THIS BLOG IS DEDICATED TO MY TWIN BROTHER, BILL DYKES (1943-1995). WE WERE NOT ONLY BROTHERS BUT PARTNERS IN BUSINESS AND BEST FRIENDS! AND TO ALL THE "BUTCHERS" THAT HAVE PASSED ON TO THE BIG LOT IN THE SKY!

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Saturday, January 22, 2011

1990 MIAMI SUN SETINEL 7 PAGE STORY---PAGE 1

The Great American Mud Show Most Tent Circuses Have Reached The End Of The Road,
But A Few, Like The Allan C. Hill Circus Of Sarasota, Still Follow The Old Traditions, Moving From Town To Town With A Timeless Promise Of Joy.
December 30, 1990BY MATT SCHUDE
From The Miami Sun SentinelPage 1 of 7
THE DIESEL ENGINES ROAR AWAKE IN the dark of 4 a.m., and another day begins for the show that never ends. The early call, the caravan of trucks down a highway -- it happens every day from early spring to late fall, this quest to bring an empty place to life.
Men fan out across a vacant lot, their long morning shadows keeping step. They anchor the spikes, and before noon the magic is building all over again.
It still lives on, this old-fashioned rite that pulls at your heart: Out in the field, the circus is raising the big top in another American town.
Elephants in harness haul the poles into place, and the tent swells into its full shape. Flags flutter with the morning breeze, and the ground swarms with hard-edged men swinging hammers, tugging ropes and uncoiling miles of electrical cords. As elephants and camels lazily munch grass, people on their way to work do double takes from their cars.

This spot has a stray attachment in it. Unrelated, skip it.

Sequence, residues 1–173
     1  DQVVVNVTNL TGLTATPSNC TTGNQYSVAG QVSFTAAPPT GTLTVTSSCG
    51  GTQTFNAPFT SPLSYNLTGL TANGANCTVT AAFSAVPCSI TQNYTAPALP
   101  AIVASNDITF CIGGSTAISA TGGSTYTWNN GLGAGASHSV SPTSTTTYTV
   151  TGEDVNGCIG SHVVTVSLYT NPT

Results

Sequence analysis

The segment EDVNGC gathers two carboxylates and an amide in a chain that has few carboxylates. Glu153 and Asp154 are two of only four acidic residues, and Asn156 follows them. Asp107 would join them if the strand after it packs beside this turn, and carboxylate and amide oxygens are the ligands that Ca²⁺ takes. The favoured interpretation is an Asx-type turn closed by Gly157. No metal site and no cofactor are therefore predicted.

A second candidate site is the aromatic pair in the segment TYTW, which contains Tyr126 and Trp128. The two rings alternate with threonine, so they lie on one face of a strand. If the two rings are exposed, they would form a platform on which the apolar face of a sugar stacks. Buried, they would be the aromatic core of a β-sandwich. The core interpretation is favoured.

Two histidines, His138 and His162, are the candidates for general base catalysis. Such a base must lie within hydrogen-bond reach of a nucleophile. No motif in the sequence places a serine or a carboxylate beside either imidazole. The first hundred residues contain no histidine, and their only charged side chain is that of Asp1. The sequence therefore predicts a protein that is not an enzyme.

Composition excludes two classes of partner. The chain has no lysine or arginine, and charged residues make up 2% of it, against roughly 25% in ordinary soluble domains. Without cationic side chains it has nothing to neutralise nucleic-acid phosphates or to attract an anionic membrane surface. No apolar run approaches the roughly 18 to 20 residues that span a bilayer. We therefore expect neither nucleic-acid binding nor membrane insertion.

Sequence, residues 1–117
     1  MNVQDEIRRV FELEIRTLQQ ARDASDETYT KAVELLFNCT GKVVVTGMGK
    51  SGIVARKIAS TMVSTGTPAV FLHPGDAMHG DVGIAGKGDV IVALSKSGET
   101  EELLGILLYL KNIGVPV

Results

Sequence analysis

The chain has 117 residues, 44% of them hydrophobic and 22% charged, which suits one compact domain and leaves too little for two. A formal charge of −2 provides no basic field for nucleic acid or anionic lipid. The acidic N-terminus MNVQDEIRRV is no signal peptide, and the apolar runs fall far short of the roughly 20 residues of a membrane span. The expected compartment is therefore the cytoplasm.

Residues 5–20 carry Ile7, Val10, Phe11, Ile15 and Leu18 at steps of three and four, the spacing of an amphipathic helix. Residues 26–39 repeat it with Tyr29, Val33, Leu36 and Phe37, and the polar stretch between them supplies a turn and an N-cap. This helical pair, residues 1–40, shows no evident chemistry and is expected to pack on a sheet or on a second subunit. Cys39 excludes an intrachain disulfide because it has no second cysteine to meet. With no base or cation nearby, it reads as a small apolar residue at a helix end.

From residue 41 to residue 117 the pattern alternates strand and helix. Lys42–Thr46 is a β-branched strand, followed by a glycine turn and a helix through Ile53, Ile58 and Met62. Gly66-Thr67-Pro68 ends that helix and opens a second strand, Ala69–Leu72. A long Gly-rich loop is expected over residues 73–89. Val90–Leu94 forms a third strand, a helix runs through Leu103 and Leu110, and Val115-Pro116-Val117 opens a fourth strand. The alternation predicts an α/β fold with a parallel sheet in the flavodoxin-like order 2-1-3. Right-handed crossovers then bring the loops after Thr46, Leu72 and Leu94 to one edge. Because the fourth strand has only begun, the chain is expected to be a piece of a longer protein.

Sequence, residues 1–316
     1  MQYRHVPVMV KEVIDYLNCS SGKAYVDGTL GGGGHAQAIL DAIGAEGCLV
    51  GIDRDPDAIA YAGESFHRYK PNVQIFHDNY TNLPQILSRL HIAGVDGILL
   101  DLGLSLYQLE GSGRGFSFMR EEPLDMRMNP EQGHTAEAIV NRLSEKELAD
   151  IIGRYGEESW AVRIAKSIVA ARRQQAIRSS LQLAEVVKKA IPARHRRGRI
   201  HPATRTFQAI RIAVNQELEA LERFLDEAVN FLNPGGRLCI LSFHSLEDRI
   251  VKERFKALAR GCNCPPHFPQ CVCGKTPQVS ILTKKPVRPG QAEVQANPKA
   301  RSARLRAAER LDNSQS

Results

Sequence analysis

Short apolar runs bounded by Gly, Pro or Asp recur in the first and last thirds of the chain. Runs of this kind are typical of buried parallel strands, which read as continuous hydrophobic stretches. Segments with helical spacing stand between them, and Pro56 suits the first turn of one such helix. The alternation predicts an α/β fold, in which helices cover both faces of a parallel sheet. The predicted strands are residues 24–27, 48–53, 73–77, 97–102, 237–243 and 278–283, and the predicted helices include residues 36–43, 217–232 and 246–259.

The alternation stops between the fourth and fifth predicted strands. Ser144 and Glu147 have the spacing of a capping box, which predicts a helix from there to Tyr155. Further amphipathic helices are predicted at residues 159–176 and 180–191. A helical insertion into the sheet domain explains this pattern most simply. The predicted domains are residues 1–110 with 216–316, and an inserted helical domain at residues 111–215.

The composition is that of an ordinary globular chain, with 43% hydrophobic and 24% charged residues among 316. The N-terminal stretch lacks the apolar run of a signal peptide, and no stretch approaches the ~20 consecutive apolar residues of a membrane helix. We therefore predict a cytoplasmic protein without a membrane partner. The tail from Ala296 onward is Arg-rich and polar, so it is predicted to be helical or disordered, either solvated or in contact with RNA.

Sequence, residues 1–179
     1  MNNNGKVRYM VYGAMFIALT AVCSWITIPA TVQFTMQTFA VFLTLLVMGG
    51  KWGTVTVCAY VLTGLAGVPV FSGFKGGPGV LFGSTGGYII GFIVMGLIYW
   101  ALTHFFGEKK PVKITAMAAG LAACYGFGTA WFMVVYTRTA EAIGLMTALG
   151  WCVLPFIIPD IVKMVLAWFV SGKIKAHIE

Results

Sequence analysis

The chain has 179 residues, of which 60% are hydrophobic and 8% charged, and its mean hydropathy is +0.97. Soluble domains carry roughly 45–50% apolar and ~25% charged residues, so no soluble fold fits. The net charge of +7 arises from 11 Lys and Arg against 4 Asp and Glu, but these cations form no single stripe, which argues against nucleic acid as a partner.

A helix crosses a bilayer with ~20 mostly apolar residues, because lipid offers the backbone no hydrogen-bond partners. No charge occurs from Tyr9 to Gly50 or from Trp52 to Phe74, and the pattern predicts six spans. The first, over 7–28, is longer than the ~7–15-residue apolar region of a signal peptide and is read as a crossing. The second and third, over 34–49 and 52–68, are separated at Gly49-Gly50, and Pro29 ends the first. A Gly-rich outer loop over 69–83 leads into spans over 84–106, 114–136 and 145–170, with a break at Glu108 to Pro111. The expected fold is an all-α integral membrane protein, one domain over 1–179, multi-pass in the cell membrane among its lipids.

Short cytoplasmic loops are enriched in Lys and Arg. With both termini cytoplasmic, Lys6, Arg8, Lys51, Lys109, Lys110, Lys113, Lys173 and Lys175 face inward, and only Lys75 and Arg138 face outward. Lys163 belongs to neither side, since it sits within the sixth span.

There is still something about a circus that turns a special page within us. Something in this world of animals and acrobats, of clowns and big-top bustle, fills us with the wonder of a child. Maybe it really is the greatest show on earth.
There was a time in the simpler past when scores of circuses crossed the country, stopping for a day and then moving on to the next little town. When the circus train came in, children declared their own holiday and raced to water the elephants or be the first to glimpse the lions and tigers.
The gaudy red wagons would clatter through town to the beat of a brass band, and the elephants would always close the parade, marching trunk-to-tail, with the baby running along behind. It was pure P.T. Barnum, of course, all bluster and bluff and ringmaster patter. But something about the circus was wholesome and pure, something in it made children laugh and dream with wide-open eyes.
It`s almost surprising that kids today know anything at all about the circus, in this age of Nintendo, Bart Simpson and general urban malaise. Yet kids still come to marvel at leopards leaping through fire, at elephants standing on their heads, at the daring grace of the woman on the trapeze.
A dozen hardy shows remain on the road, keeping a culture alive. The circus has tradition, an elaborate formality, its own legends and language.
``You can`t just call it a job,`` says Mike Ridenour. ``It`s more of a lifestyle.``
read more at:http://articles.sun-sentinel.com/1990-12-30/features/9003050531_1_circus-train-circus-manager-elephants

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